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HOFFMAN v. DEPARTMENT OF CORRECTIONS et al.
A95A1099.
MCMURRAY, Presiding Judge.
Venue; state agency. Baldwin Superior Court. Before Judge Prior.
This is an action for damages pursuant to 42 USC 1983 and state tort law, brought by a former inmate of the State Women's Prison at Hardwick, plaintiff Hoffman, who alleges that while an inmate she was exploited by guards for purposes of sexual gratification. The alleged incidents occurred prior to the effective date of the Georgia Tort Claims Act (OCGA 50-21-20 et seq.). One of the defendants in the case is the Georgia Department of Corrections. The theories underlying the claims against the Department of Corrections are not limited to those based on respondeat superior but include allegations that this defendant was a joint tortfeasor along with several of its employees including guards and officials at the Hardwick prison. The complaint alleges that the Department of Corrections knowingly permitted and condoned a pervasive practice of abuse, including sexual misconduct, directed towards female inmates, and that this policy facilitated the specific acts of abuse which plaintiff suffered. Additional defendants include a guard and a deputy warden from the prison, and a former commissioner of the Department of Corrections. Two of these additional defendants reside in Baldwin County.
The action was originally filed in the Superior Court of Fulton County but then transferred on defendants' motions challenging venue there, to the Superior Court of Baldwin County. Plaintiff Hoffman then requested and received permission to file this interlocutory appeal from the transfer order. Held:
Apparently there is no specific statute determining venue for an action against the Department of Corrections predicated upon an incident prior to the effective date (January 1, 1991) of the Georgia Tort Claims Act. Plaintiff maintains that the Department of Corrections resides in Fulton County so as to render the original venue proper under the Constitution of Georgia, Article VI, Section II, Paragraph IV, which provides venue in actions against joint tortfeasors. A state agency may be sued as a joint tortfeasor. Gault v. Nat. Union Fire Ins. Co. of Pittsburgh, 208 Ga. App. 134, 137-138 (4) (430 SE2d 63). The defendants maintain that the concept of residence is not applicable to a state agency.
Under the argument advanced by defendants, we would simply disregard the presence of the Department of Corrections in determining venue. While this proposal might produce a simple resolution in this appeal, the proposal would not fare as well under different circumstances. The obvious question being where then would venue lie when the Department of Corrections is the sole defendant so that there are no joint tortfeasors whose residence could provide the answer to the venue issue. See Constitution of Georgia, Article VI, Section II, Paragraph VI.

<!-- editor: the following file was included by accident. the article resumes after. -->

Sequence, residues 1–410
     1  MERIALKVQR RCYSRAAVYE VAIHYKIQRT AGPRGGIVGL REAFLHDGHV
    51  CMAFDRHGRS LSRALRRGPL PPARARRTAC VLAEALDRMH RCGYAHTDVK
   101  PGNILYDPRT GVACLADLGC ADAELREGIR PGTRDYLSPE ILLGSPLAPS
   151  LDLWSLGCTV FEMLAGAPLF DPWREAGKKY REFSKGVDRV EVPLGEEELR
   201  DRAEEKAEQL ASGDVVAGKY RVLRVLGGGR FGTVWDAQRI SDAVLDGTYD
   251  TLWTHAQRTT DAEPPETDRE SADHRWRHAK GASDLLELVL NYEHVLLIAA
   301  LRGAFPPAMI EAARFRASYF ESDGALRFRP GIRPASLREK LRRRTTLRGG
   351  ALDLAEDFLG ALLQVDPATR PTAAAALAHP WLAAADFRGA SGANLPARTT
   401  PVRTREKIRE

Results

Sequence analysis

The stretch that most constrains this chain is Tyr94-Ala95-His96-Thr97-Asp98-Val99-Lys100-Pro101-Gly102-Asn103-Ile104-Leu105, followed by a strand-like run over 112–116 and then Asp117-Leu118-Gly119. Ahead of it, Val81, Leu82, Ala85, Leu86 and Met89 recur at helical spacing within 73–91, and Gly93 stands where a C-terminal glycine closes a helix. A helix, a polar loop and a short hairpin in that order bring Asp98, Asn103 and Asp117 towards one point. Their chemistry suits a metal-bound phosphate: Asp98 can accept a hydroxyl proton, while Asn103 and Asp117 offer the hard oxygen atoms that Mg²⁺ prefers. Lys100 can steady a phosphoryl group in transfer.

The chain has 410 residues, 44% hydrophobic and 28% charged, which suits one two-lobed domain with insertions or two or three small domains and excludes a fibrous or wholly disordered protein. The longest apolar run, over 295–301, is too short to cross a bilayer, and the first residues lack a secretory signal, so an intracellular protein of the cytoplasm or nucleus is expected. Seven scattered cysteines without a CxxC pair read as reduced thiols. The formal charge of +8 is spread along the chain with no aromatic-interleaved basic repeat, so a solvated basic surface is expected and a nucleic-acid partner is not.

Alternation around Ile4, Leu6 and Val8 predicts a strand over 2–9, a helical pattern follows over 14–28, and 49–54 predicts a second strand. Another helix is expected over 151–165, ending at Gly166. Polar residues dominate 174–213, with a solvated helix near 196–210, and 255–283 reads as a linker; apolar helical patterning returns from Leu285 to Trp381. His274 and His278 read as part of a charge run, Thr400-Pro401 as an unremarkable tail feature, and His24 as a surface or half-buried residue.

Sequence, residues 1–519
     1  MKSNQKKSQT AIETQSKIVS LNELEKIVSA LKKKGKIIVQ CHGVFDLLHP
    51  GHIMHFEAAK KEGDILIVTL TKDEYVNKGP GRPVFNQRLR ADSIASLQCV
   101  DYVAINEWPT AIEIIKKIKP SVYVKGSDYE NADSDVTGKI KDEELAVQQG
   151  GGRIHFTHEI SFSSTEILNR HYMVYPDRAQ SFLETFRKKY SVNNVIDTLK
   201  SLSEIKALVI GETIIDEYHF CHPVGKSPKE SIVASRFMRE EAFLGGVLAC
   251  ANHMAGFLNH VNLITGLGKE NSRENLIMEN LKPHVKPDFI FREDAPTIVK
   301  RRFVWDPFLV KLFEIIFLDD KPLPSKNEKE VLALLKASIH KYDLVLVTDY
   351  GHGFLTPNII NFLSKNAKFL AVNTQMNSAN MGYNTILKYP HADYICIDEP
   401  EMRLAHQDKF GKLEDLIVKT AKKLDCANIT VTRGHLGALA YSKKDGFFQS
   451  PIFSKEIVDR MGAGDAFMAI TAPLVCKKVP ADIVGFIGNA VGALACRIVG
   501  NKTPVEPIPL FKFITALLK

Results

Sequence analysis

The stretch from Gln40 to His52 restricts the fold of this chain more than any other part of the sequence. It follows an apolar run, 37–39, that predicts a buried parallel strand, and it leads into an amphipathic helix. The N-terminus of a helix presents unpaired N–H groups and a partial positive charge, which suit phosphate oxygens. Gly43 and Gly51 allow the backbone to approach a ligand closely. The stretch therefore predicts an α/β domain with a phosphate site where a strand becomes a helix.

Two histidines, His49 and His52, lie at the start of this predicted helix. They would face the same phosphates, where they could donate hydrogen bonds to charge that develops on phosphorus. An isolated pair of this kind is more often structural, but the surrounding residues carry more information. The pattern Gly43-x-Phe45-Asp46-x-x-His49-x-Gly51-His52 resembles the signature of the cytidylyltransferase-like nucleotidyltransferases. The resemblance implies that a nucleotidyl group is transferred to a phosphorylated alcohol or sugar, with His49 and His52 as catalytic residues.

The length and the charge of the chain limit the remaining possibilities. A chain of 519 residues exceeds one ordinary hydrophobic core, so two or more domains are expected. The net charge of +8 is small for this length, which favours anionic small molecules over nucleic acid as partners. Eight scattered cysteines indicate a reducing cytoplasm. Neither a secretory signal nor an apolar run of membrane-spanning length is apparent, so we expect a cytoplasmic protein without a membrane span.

In our view, the constitutional venue provisions (Constitution of Georgia, Article VI, Section II) must be viewed as comprehensive, at least with regard to actions which do not involve non-residents, and applied to actions against the State along with its agencies and departments. All of the arguments that the concept of residence is inapplicable to the State and its agencies are equally applicable to corporations, yet statutory provision has been made for determining the residence of a corporation for purposes of determining venue. OCGA 14-2-510. Similar provision has been made by statute for a number of State agencies and for purposes of certain types of claims as in the Georgia Tort Claims Act. The difference in the case sub judice is the absence of any such statutory provision. In the absence of statutory direction, "residence" under the constitutional provisions must be determined based upon the general meaning of the term. The Department of Corrections as a branch of State government is present throughout the State of Georgia. Once a determination of venue based on residence of the Department of Corrections is undertaken, it can hardly be denied that Fulton County, the site of the State Capitol and seat of government as well as location of the principal offices of the Department of Corrections, is an appropriate venue. State Highway Dept. v. Parker, 75 Ga. App. 237, 244 (43 SE2d 172). The Superior Court of Baldwin County is directed to return this case to the Superior Court of Fulton County from which it was transferred.
The Ford Law Firm, James L. Ford, Christopher G. Moorman, for appellant.
DECIDED AUGUST 17, 1995 -- CERT. APPLIED FOR.
Thursday May 21 07:38 EDT


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